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Depressive Disorders


Overview :

Everyone experiences feelings of unhappiness and sadness occasionally. But when these depressed feelings start to dominate everyday life and cause physical and mental deterioration, they become what are known as depressive disorders. Each year in the United States, depressive disorders affect an estimated 17 million people at an approximate annual direct and indirect cost of $53 billion. One in four women is likely to experience an episode of severe depression in her lifetime, with a 10-20% lifetime prevalence, compared to 5-10% for men. The average age a first depressive episode occurs is in the mid-20s, although the disorder strikes all age groups indiscriminately, from children to the elderly.

There are two main categories of depressive disorders: major depressive disorder and dysthymic disorder. Major depressive disorder is a moderate to severe episode of depression lasting two or more weeks. Individuals experiencing this major depressive episode may have trouble sleeping, lose interest in activities they once took pleasure in, experience a change in weight, have difficulty concentrating, feel worthless and hopeless, or have a preoccupation with death or suicide. In children, the major depression may appear as irritability.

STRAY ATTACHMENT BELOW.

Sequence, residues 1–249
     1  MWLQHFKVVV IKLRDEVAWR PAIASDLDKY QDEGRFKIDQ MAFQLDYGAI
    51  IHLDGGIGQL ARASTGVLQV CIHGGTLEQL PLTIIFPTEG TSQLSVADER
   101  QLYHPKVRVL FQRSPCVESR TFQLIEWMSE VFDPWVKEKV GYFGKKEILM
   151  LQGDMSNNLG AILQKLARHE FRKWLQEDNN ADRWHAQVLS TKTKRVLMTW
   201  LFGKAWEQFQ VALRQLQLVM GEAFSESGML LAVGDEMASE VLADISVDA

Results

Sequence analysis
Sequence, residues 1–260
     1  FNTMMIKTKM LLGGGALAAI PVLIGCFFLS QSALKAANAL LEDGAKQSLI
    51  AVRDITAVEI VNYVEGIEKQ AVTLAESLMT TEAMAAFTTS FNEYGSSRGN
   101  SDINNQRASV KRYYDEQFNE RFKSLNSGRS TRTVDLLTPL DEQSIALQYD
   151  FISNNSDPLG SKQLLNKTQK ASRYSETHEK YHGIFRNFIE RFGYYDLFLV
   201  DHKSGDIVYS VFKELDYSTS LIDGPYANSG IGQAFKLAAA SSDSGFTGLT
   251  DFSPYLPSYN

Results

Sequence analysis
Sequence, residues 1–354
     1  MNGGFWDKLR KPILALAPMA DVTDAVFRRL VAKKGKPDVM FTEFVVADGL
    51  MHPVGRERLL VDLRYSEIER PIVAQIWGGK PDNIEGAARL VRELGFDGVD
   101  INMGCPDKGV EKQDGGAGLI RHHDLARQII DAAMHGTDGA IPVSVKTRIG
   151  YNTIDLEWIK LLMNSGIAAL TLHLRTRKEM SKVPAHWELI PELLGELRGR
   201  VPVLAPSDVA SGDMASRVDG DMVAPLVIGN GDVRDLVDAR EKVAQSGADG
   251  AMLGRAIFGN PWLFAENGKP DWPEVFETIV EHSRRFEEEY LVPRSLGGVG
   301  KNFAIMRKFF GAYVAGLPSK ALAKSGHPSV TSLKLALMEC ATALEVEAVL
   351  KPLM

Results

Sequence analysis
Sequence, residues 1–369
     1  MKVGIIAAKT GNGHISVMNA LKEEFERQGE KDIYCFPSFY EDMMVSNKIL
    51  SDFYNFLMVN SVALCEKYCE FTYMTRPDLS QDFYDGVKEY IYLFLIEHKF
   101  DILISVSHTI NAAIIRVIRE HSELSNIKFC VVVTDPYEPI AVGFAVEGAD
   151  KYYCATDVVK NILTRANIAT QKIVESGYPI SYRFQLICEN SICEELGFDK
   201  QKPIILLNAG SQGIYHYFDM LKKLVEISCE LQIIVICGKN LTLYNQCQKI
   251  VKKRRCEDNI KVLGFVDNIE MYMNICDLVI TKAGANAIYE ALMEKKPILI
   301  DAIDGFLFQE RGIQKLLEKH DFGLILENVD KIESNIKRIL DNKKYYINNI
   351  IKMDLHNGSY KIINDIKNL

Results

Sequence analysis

While major depressive episodes may be acute (intense but short-lived), dysthymic disorder is an ongoing, chronic depression that lasts two or more years (one or more years in children) and has an average duration of 16 years. The mild to moderate depression of dysthymic disorder may rise and fall in intensity, and those afflicted with the disorder may experience some periods of normal, non-depressed mood of up to two months in length. Its onset is gradual, and dysthymic patients may not be able to pinpoint exactly when they started feeling depressed. Individuals with dysthymic disorder may experience a change in sleeping and eating patterns, low self-esteem, fatigue, trouble concentrating, and feelings of hopelessness.

Depression also can occur in bipolar disorder, an affective mental illness that causes radical emotional changes and mood swings, from manic highs to depressive lows. The majority of bipolar individuals experience alternating episodes of mania and depression.




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